In addition to being a very nifty tongue-twister, the title of this piece has to be just about the strangest ever seen here on the ol’ GMC. Still, it does make sense — I think. Let me elaborate.
I’ve always been fascinated by the didgeridoo (occasionally spelled didjeridoo), the strange musical instrument most often associated with indigenous Australians. But as I began to put this piece together I kept feeling like I’d done this before. You know, that ‘been there, done that’ feeling?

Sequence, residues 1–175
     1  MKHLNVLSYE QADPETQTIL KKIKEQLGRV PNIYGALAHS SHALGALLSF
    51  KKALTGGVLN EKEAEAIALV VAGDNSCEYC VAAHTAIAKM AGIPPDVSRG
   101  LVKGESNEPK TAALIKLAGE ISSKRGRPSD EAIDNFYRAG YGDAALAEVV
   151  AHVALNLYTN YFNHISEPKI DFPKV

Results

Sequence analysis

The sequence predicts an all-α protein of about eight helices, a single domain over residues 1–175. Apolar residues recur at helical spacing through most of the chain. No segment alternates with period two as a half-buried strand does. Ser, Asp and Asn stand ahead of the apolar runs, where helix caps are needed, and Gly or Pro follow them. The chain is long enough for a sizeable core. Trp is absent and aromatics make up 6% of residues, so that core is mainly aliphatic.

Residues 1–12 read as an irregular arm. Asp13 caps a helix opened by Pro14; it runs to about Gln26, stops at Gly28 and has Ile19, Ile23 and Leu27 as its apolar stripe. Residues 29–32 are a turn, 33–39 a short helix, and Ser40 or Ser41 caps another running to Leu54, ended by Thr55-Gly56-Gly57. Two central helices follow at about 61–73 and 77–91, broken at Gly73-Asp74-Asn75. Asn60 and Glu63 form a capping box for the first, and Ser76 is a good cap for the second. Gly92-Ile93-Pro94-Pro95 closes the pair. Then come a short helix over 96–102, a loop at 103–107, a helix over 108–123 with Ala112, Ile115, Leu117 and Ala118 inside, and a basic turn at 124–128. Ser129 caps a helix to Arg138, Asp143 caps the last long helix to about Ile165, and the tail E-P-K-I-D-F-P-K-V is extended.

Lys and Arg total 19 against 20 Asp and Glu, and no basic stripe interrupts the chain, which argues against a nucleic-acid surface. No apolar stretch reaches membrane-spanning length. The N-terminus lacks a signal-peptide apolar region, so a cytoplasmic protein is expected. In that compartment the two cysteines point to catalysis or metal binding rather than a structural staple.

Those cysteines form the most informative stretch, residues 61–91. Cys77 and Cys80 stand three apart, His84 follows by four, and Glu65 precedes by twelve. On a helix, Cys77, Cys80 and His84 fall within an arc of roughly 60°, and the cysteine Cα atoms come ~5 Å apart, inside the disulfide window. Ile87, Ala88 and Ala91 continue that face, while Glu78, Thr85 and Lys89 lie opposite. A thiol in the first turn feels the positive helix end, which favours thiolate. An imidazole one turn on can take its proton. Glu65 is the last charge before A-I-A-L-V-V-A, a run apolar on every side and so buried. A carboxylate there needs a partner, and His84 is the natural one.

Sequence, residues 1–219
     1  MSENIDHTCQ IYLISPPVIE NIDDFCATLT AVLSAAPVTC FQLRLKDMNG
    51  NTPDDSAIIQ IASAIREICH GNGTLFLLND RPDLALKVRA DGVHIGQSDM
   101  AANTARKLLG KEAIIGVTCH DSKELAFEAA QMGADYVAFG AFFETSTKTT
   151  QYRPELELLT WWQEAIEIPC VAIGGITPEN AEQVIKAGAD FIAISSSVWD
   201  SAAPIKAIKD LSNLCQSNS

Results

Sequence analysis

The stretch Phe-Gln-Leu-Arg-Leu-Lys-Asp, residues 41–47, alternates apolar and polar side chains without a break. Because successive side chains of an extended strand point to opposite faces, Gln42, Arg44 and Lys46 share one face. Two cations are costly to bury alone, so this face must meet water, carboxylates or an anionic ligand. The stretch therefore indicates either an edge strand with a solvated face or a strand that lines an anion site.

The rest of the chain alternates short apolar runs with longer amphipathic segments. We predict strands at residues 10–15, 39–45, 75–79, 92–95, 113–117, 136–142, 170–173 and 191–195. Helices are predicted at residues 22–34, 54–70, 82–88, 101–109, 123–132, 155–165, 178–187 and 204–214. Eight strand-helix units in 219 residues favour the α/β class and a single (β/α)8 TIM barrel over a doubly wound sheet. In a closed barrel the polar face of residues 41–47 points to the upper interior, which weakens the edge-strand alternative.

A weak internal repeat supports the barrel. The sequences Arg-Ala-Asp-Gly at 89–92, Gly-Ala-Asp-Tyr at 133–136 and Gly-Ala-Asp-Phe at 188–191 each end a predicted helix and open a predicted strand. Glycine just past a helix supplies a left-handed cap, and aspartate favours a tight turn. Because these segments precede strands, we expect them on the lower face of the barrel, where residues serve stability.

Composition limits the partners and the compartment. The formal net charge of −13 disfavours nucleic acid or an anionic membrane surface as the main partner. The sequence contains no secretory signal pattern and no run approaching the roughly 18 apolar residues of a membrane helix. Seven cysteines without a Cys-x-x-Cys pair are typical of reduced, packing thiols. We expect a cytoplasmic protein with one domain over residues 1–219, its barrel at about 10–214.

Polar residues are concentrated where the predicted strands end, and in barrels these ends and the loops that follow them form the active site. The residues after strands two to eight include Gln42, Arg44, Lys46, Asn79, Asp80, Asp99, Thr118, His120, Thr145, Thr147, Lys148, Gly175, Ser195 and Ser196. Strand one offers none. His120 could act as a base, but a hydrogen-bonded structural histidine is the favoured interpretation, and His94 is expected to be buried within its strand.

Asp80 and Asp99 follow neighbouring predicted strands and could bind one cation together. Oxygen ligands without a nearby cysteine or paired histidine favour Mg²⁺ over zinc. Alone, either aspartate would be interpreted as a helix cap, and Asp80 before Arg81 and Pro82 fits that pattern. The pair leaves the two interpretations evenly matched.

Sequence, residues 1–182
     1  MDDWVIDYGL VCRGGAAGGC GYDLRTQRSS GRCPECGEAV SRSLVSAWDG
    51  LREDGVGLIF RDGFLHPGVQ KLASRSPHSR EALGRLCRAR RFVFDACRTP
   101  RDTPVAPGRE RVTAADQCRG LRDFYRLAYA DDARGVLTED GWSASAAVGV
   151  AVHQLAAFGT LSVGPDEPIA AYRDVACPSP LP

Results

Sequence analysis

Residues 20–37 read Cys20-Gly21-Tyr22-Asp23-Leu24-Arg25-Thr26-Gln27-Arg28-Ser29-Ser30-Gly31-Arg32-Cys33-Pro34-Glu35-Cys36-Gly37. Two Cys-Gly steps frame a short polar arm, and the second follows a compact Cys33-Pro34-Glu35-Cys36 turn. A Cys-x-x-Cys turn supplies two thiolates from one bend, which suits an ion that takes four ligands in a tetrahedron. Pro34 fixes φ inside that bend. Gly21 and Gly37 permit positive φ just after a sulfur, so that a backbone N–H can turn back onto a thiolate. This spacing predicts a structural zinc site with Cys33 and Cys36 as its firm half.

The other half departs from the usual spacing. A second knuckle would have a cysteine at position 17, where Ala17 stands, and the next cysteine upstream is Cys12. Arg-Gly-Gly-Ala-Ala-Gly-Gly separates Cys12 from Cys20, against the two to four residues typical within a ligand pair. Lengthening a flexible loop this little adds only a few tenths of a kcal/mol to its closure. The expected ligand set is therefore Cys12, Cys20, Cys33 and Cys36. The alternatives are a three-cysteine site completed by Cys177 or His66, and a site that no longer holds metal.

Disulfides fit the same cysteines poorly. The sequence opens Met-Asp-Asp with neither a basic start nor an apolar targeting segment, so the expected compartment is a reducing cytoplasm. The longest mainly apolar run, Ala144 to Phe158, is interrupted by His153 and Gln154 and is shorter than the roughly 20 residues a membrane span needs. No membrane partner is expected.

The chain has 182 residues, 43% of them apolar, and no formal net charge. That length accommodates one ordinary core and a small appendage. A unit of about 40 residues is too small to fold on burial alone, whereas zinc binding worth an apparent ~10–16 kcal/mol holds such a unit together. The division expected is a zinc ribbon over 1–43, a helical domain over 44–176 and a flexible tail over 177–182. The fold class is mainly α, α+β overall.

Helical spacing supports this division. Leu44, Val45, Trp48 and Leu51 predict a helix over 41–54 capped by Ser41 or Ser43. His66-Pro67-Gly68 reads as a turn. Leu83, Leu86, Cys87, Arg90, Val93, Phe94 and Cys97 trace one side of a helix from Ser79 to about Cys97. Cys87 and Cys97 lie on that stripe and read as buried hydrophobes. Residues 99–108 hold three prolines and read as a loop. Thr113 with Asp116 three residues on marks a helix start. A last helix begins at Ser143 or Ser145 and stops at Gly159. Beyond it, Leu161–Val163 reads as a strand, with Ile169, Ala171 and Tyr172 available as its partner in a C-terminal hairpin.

You might think I’d remember for sure, but after 800+ posts stretching back over nearly five years, it’s not that simple — especially when you have a Swiss cheese memory. But according to the ‘search’ function the subject has not appeared here before, so….
You can go to Wikipedia for a complete history of the didgeridoo, and I’ve included a video below that features some outstanding historical visuals in addition to the sounds of the instrument itself.
The didgeridoo has also fascinated a lot of modern musicians, and I’m not just talking about the shaggy-haired guys in the photo. Jazz legend Duke Ellington wrote and recorded a song named after the instrument, although a didgeridoo was not actually played on the record. However, baritone sax master Harry Carney certainly paid tribute to this emblem of Australian history.